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Are Developmental Disabilities Mental Illnesses?

By November 19, 2021November 22nd, 2022No Comments2 min read
Are Developmental Disabilities Mental Illnesses?

Are Developmental Disabilities Mental Illnesses?

Are Developmental Disabilities mental illnesses?? This is a question that really confuses a lot of people.

First, let’s define each term. According to CDC, Developmental disabilities are a group of conditions due to an impairment in physical, learning, language, or behavior areas. They may begin during the developmental period, may impact day-to-day functioning, and usually last throughout a person’s lifetime.

Developmental disabilities include; Autism, Cerebral Palsy, ADHD and learning disabilities.

These disabilities, therefore, occur at conception, during pregnancy, or after birth and ultimately affect how a child develops. They are caused by various factors e.g, genetics, environmental factors, medical conditions. These conditions appear in childhood and do not get noticed until they interfere with the daily activities or milestones of the child.

Mental illnesses are also called mental disorders. They are psychiatric disorders that cause significant distress or impairment of personal functioning. These disorders affect your mood, ability to function, and behavior. They include; depression, anxiety, eating disorders, schizophrenia, addictive behaviors, and more.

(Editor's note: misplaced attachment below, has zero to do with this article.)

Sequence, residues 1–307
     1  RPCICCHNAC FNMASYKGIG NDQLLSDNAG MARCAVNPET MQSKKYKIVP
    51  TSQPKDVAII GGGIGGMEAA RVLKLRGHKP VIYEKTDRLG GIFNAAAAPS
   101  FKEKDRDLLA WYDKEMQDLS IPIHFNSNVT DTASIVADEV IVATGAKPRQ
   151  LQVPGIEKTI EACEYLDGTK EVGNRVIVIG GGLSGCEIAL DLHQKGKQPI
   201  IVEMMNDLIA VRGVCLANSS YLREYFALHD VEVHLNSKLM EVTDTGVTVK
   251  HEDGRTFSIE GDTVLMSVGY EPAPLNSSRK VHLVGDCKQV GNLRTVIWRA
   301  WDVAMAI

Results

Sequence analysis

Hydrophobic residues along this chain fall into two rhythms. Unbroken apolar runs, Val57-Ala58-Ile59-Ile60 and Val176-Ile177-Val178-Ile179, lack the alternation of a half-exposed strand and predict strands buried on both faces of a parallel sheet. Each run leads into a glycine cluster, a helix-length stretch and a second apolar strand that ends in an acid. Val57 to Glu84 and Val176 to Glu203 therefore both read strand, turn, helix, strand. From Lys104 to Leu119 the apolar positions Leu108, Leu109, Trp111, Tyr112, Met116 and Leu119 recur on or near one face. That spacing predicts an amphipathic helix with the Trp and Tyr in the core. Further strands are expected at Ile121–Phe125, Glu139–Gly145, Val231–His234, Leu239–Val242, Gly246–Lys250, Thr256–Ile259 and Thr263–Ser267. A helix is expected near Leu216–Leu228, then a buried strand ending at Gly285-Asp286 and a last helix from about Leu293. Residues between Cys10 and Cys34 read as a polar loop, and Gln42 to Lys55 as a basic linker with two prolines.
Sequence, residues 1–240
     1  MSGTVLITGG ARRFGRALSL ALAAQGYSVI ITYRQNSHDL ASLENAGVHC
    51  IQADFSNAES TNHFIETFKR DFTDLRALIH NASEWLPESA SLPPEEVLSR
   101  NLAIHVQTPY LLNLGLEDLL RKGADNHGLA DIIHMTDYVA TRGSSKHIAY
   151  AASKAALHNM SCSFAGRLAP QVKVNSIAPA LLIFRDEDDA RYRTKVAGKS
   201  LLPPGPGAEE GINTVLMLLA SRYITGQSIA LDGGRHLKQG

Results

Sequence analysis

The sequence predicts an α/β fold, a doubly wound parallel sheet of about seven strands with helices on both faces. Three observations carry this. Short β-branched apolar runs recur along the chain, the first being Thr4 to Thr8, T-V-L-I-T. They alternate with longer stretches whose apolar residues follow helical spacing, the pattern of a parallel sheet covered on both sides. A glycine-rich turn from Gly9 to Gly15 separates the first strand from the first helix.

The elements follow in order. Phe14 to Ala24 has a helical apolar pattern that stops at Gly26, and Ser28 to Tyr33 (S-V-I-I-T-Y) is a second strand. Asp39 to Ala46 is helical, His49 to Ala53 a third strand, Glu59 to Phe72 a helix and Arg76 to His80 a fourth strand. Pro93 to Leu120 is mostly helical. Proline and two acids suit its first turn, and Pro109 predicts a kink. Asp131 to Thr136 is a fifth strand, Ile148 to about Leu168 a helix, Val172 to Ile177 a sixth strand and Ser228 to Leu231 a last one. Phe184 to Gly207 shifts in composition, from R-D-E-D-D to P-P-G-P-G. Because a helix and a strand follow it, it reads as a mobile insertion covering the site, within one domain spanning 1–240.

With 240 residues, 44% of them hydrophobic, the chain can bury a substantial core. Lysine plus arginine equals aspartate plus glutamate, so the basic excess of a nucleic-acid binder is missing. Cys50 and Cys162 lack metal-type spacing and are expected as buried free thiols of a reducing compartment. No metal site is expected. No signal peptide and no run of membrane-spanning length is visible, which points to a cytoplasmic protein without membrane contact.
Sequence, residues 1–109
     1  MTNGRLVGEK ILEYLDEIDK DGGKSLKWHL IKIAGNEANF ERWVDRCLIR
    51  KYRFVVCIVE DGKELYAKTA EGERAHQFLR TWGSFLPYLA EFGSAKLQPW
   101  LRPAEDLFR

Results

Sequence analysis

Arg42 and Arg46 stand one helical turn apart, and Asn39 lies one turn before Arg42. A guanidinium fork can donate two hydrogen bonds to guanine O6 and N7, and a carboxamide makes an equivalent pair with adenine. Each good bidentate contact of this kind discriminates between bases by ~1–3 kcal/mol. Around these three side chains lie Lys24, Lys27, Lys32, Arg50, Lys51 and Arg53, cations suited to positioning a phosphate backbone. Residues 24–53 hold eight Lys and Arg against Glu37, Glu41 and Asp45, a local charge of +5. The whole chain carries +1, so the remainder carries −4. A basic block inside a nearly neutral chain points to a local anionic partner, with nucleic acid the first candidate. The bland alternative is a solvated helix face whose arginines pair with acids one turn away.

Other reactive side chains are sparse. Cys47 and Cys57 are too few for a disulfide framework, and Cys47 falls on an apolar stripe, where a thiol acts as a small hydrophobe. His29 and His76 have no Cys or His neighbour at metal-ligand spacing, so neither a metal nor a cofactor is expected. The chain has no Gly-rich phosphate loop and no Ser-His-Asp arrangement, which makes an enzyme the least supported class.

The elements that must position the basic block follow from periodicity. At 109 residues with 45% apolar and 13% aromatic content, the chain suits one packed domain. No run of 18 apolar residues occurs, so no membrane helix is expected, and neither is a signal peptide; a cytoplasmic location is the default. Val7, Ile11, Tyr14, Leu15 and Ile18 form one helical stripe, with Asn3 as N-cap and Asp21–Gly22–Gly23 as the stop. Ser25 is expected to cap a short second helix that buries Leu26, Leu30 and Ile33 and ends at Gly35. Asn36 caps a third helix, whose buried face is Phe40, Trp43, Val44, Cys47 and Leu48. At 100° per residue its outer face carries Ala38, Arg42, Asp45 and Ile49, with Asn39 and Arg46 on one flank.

How do mental illnesses differ from developmental disabilities

Developmental disabilities are diagnosed when the patient is younger than 18 years. Mental illness on the other hand e.g. depression can occur at any time.

Developmental Disabilities are lifelong disabilities while mental illness may not be lifelong. Some may be temporary or recur in episodes.

Developmental disabilities and mental illnesses will affect thought processes and behavior in different ways. Individuals with developmental disabilities will not have the cognitive ability to understand thoughts. A mental illness on the other hand does not directly affect cognitive ability. It changes perception and thought processes.

An individual with Down syndrome but no mental illness for example will not have hallucinations just as an individual with Depression will have suicidal thoughts and not lose the cognitive ability to understand those thoughts and situations.

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